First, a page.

Mainstreaming biodiversity accounting: Potential implications for a developing economy

Research output: Contribution to journalArticlepeer-review


Purpose: The paper seeks to respond to calls by Jones for more studies exploring the possibility of operationalising accounting for biodiversity. Design/methodology/approach: Archival data are used to produce a natural inventory report for the Sundarbans, the world's largest mangrove forest declared as a World Heritage site by UNESCO in 2007. Findings: The study extends prior research on biodiversity accounting by exploring the applicability of Jones' natural inventory model in the context of Bangladesh. The results indicate that application of Jones' natural inventory model is feasible in the context of developing countries such as Bangladesh. It is also recognised that the socio-economic and political environment prevailing in developing economies may lead to the emergence of important stakeholder groups including local civil society bodies, international donor agencies and foreign governments. Biodiversity accounting may provide a legitimate basis for the government in allaying concerns regarding environmental stewardship and assist in negotiations with powerful stakeholder groups on important issues such as financial assistance after natural disasters and claims to the global climate change fund. Originality/value: This is one of the early attempts to operationalise biodiversity accounting in the context of a developing economy. © Emerald Group Publishing Limited.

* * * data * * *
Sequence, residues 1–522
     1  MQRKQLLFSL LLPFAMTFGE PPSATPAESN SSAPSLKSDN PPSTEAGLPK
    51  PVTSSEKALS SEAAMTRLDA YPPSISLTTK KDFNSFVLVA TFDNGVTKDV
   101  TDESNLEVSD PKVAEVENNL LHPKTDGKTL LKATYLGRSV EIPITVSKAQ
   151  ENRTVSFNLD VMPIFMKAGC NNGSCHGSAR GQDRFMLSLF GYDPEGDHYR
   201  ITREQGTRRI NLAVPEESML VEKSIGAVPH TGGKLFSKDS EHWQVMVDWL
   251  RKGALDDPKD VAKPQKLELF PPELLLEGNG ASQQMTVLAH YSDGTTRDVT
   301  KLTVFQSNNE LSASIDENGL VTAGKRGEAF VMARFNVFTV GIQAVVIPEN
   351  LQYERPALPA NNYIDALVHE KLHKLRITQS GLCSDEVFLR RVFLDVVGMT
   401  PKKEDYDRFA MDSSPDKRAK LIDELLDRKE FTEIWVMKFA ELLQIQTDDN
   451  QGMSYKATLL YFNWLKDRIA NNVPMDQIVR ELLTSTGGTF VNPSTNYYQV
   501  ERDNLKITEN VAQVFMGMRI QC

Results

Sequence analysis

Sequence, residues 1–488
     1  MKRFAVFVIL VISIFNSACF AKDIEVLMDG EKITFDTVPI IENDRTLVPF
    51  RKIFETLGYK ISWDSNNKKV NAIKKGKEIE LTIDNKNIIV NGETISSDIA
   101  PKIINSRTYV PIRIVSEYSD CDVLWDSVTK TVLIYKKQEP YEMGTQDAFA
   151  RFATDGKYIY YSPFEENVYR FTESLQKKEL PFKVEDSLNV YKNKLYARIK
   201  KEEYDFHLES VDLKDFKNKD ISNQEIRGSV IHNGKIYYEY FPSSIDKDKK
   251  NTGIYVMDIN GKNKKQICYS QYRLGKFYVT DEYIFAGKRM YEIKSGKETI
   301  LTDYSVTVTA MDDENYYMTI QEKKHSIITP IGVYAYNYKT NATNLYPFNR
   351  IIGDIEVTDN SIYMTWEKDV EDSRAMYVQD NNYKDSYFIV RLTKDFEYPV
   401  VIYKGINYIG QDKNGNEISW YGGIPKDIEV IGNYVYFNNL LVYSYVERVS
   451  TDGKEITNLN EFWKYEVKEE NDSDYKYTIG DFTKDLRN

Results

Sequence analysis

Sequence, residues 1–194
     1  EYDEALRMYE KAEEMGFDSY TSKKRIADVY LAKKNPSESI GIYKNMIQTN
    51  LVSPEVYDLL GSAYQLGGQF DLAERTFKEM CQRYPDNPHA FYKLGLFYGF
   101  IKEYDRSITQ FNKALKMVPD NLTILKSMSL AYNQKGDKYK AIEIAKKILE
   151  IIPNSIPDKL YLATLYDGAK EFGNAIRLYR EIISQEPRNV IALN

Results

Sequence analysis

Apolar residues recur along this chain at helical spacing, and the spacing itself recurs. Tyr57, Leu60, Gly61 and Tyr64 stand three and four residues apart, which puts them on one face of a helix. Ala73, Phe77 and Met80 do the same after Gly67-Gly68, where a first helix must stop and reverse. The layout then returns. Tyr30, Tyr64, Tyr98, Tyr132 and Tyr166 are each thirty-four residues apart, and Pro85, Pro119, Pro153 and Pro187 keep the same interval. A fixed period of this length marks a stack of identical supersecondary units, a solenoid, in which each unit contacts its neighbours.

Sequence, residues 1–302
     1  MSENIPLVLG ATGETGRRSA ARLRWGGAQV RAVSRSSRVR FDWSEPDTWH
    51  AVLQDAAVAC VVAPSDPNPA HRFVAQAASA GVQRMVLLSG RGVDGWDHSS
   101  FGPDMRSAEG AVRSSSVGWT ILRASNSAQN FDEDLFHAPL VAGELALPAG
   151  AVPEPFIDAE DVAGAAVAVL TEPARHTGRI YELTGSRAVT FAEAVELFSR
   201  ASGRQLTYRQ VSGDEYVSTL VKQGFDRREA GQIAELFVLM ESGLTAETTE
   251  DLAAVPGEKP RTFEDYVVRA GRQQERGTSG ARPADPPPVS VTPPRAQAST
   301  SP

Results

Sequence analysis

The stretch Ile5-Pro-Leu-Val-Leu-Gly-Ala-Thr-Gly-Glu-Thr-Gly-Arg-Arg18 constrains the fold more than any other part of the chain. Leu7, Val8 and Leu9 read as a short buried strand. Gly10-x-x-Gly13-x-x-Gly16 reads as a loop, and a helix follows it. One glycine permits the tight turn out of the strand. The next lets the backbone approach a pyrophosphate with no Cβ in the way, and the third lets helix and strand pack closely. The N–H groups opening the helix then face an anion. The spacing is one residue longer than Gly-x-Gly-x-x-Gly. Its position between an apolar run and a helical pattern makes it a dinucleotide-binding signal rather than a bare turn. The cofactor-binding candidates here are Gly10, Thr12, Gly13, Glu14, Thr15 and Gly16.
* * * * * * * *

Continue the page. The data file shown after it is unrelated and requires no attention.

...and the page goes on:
Original languageEnglish
Pages (from-to)779-805
Number of pages26
JournalAccounting, Auditing and Accountability Journal
Issue number5
Publication statusPublished - Jun 2013


  • Bangladesh
  • Biodiversity accounting
  • Climate change
  • Developing countries
  • Developing economy
  • Economic development
  • Environmental disclosures
  • Sustainable development


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